Ralph Vacchiano has graciously agreed to periodically “sit down” (via e-mail) with GmenHQ and The Giants Professor and give our readers an insider’s look into the Giants and what it is like to cover the team. Mr. Vacchiano has been covering the NFL and the Giants for the Daily News since 2001. He is the Giants Insider for SNY-TV, a host on SiriusXM NFL Radio, and he wrote the book on Eli Manning (Eli Manning: The Making of a Quarterback, Skyhorse Publishing 2007). He’s a native of Long Island, N.Y. (Oakdale), a graduate of Connetquot High School, and he’s been covering the NFL since 1991, right after he graduated from Syracuse University and began his career at the tiny Niagara Falls (N.Y.) Gazette.
The Giants Professor: Where do you think Jerry Reese went wrong with his free agent “re-vamp” last season, and what do you think is the best way to address needs through free agency for this team?
Ralph Vacchiano: I don’t think he went wrong anywhere, actually. Or at least if he did it remains to be seen. Unfortunately he was mostly unlucky. Think about some of the bigger-name players he brought in – G Geoff Schwartz, RB Rashad Jennings, CB Dominique Rodgers-Cromartie, DE Robert Ayers, CB Walt Thurmond. They were all hurt, to varying degrees. I’d have to believe that if they were all 100% (or close) for most of the year, the Giants would’ve been better at all those positions and probably would’ve won another game, maybe two. And then factor in the other guys that got hurt – Prince Amukamara, Victor Cruz, Jon Beason. I mean, I know nobody ever wants to use injuries as an excuse, but they certainly can be a reason.
So I think the jury is still out on last season’s free-agent crop. They’ll all get a mulligan this year (except, probably, for Thurmond) and we’ll find out if he spent his money wisely. But this year it’ll be like the Giants have two free-agent classes coming in.
And for this year’s class, I would go big after one spot – get a top safety or top defensive lineman – and then look for bargains elsewhere. I don’t think this team needs a ton. They have holes to fill, but don’t need a big splash at every position to do it.
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TGP: The Giants have long taken the position that they take the “best available player” when they’re on the clock. Do you think that they truly draft that way –ignoring need completely– or do you think their actual process is slightly different?
RV: Well, if you read my blog or follow me on Twitter you already know that I think “best available player” is a myth – at least when it comes to the first round. When the Giants say that it makes it sound like they have players ranked in order and just take the next one on their list. That’s not how it works. They have players ranked in groups or tiers and there’s always a choice of 2, 3, 4, maybe even 5 or more players when they’re ready to pick. And need is always factored in. Always. They don’t draft specifically for need, but it’s always a factor.
And their history proves it. Almost every first-round pick they’ve made in the last 20-plus years has proven to fill a need. Sometimes it’s a hole in the starting lineup. Sometimes it’s a rotational guy. Sometimes it’s because they know they might lose someone in free agency, or a veteran is getting near the end of their contract. Yes, “need” can be a pretty broad term, but it doesn’t matter. Need matters. And some needs are bigger than others.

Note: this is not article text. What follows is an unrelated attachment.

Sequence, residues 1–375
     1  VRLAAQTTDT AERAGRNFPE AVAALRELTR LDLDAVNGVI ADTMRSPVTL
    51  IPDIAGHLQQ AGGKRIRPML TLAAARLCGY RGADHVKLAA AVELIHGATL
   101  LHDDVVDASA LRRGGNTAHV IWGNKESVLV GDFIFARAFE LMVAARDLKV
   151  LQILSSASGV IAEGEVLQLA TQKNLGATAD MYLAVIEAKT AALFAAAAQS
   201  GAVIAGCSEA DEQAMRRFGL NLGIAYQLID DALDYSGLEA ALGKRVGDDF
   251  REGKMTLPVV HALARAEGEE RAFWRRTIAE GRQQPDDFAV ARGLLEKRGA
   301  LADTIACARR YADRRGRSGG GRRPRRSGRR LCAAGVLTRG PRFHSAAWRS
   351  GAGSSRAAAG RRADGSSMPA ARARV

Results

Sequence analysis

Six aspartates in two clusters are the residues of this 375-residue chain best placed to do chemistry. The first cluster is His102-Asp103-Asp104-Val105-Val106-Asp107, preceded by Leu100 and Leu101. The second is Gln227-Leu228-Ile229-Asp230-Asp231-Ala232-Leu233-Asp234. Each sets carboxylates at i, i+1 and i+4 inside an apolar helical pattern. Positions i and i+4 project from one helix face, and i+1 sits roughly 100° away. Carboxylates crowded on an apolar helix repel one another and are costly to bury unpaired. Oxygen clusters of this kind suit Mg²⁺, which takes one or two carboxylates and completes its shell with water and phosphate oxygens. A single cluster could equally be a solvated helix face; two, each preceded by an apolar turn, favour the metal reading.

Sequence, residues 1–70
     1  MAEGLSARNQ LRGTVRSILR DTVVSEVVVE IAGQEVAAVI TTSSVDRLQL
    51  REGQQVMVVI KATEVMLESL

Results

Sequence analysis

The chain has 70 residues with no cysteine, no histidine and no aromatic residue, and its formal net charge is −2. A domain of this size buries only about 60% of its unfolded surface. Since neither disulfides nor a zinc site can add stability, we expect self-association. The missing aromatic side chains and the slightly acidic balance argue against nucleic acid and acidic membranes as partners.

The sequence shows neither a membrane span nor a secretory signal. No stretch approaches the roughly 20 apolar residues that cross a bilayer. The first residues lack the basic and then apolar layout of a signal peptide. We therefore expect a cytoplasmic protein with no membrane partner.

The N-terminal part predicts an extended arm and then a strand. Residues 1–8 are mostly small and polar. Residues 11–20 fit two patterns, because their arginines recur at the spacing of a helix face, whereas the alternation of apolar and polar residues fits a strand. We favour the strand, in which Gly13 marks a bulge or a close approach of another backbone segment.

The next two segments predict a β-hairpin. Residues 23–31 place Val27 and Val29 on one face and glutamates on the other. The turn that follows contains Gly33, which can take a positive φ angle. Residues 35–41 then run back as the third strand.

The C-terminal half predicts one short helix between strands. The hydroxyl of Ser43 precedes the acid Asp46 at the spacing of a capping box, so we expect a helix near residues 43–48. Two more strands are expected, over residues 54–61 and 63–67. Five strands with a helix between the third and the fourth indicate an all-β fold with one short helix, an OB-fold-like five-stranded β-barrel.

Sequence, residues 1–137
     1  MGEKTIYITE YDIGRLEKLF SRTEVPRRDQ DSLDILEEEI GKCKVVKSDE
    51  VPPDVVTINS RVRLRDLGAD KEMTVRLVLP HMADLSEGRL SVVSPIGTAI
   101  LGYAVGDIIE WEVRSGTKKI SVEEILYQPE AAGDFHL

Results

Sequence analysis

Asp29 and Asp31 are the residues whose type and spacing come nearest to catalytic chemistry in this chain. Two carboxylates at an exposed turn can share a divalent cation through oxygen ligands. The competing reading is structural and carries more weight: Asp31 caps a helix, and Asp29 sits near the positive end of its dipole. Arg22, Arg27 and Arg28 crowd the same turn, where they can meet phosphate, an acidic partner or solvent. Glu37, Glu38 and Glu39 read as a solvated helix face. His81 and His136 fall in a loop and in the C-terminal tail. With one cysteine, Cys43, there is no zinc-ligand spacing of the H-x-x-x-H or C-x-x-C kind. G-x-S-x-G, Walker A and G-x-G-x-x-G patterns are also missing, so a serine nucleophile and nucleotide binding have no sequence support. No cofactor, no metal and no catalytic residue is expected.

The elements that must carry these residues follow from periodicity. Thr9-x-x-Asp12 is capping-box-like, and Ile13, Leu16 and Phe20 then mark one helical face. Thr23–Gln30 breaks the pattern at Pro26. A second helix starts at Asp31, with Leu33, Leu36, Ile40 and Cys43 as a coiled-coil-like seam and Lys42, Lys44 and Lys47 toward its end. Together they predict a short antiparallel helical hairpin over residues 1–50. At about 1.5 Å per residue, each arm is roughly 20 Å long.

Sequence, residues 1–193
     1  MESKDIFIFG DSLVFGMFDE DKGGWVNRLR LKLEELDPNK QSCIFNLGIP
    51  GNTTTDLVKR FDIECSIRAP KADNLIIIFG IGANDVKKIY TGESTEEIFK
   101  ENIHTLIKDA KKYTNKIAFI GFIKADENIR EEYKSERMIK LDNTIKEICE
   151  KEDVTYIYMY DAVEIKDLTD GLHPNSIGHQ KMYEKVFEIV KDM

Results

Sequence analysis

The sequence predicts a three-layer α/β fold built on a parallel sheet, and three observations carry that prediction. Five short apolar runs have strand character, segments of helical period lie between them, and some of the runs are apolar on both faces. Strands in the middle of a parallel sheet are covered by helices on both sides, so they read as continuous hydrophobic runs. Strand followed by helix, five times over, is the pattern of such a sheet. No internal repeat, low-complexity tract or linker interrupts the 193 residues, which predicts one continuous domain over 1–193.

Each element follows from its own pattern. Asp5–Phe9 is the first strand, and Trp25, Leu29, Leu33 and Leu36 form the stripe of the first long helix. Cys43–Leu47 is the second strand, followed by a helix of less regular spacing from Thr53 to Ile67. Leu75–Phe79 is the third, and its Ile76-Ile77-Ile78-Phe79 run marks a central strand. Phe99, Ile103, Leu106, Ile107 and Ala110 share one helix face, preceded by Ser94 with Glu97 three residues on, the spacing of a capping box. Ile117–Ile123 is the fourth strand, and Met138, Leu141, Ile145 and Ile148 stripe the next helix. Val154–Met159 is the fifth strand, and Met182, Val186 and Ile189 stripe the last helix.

Now, after the first round (maybe even after the second) they often just take the “best available player,” but even then need factors in – especially in the middle-rounds. If a player has enough value – like when they took quarterback Ryan Nassib in the fourth round a few years ago – maybe they’ll ignore their needs. And they won’t reach for a player because of a need – for example if they’re in the third round and need a tight end, but none of them have higher than fourth-round grades.
But the idea is to fill a roster and find useful players. They’re not going to take someone who’s not going to be immediately useful in one way or another – especially in one of the first couple of rounds.
TGP: What do you think the Giants need to focus on in the 2015 draft and which direction do you think they should go with their first selection?
RV: It’s honestly hard to say this early in the process. A lot can happen between now and the draft, most notably free agency. At this very moment they sure could use a safety, for example, but that’s a need they might fill in the next few days.
In a vacuum, I’d say they need to find a stud offensive lineman – a tackle they can put on one of the two sides for the next 10 years. It’s been too long since they’ve drafted one in the first round. Another need is a pass rushing defensive end to play opposite Jason Pierre-Paul and rotate in with Damontre Moore. Right now, those are the two spots I’d look at first.
Sep 29, 2013; Kansas City, MO, USA; Kansas City Chiefs running back runs the ball as New York Giants defensive end Jason Pierre-Paul (90) attempts the tackle during the first half of the game against the New York Giants at Arrowhead Stadium. The Chiefs won 31-7. Mandatory Credit: Denny Medley-USA TODAY Sports
But which way they’ll go for sure, we’ll have to wait and see. There’s a lot of evaluation to be done between now and then. Honestly, I’ve had a pretty good record over the years of forecasting – with the help of some great sources – who the Giants will select. But I don’t usually get a real sense until the days before the draft. In some cases, it’s not until the day of the draft.
TGP: How has your job covering the NFL and the Giants changed since the advent of social media? Is it easier, harder, more fun, less so?